Studies using stable isotopically labeled glucose and palmitate as precursors of pulmonary surfactant synthesis have demonstrated slow surfactant turnover in premature infants with respiratory distress syndrome (RDS). However, only limited data about surfactant turnover are available for term infants. Because acetate is a direct precursor of de novo synthesized surfactant fatty acid, we measured [1-13C1]acetate incorporation into surfactant of term infants without respiratory dysfunction (control group), preterm infants with RDS, and term infants with primary respiratory failure to determine whether stable isotopically labeled acetate would yield similar results to previous studies of preterm infants with RDS and, furthermore, would distinguish normal from abnormal surfactant turnover. Despite similar amounts of phospholipids and acetate precursor enrichment, the control group had higher fractional synthetic rate and shorter half-life of clearance than preterm infants with RDS, (fractional synthetic rate, 15.4 ± 2.4 versus 2.2 ± 0.4%/d, p < 0.001; half-life of clearance, 27 ± 3 versus 105 ± 11 h, p < 0.001). Term infants with severe respiratory failure had a lower fractional synthetic rate than those with mild disease (2.9 ± 0.6 versus 13.8 ± 3.5%/d, p = 0.014) and a reduced amount of phospholipids recovered from tracheal aspirates (54 ± 17 versus 300 ± 28 nmol, severe versus mild disease, respectively, p < 0.001). The amount of phospholipids in tracheal aspirates correlated inversely with disease severity, (r = -0.75, p = 0.01). We conclude that normal surfactant turnover in term infants is faster than in preterm infants with RDS. Surfactant turnover in term infants with severe respiratory failure is similar to that of preterm infants with RDS, suggesting either delayed maturity of the surfactant system or disruption from the underlying disease process.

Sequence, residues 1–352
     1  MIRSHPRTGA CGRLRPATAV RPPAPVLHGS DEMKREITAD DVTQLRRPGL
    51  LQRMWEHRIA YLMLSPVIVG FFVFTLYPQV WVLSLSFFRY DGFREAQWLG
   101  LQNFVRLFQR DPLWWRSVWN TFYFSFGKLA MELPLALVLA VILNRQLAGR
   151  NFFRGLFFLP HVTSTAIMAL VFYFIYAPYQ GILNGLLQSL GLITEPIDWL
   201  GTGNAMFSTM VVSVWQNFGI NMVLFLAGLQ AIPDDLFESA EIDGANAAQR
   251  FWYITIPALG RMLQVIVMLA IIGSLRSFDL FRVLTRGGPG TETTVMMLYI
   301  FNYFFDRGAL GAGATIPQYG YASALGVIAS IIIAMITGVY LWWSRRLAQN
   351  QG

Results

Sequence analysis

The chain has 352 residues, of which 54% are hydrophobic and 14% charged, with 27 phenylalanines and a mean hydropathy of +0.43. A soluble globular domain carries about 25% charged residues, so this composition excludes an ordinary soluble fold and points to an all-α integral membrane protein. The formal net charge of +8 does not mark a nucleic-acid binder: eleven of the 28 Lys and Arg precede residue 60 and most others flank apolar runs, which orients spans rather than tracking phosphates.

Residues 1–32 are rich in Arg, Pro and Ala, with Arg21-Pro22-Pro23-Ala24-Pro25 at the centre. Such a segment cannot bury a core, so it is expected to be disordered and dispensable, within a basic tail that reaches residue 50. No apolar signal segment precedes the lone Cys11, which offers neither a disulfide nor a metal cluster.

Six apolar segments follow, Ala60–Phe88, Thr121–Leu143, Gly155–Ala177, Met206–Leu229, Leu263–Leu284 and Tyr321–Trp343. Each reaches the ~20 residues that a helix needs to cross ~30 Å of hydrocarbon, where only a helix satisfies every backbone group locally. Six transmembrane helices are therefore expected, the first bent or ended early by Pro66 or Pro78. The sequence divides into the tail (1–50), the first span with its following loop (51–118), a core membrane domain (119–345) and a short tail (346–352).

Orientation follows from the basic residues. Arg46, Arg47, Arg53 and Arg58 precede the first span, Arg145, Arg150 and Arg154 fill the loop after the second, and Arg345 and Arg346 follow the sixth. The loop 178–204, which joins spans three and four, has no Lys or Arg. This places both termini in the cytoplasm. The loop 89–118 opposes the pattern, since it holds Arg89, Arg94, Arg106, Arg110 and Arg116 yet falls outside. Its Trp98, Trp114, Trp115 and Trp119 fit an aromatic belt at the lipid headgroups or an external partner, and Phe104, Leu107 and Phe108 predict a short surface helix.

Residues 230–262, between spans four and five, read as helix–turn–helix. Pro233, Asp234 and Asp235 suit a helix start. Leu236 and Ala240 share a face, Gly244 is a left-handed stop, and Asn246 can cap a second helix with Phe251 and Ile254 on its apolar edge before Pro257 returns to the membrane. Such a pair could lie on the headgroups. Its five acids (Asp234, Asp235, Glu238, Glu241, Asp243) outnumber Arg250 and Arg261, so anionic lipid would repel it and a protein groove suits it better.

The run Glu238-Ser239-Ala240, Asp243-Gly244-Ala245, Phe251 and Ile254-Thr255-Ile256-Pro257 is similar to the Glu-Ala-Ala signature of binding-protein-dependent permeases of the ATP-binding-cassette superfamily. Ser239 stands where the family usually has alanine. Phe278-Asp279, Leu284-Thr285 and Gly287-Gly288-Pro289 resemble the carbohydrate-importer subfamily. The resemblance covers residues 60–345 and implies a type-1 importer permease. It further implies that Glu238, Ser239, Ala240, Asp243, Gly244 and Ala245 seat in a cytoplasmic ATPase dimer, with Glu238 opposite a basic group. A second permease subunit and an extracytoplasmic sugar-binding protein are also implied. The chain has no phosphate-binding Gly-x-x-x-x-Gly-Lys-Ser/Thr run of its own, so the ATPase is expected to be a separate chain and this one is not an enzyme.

|Number of pages||7|
|State||Published - Aug 1 2003|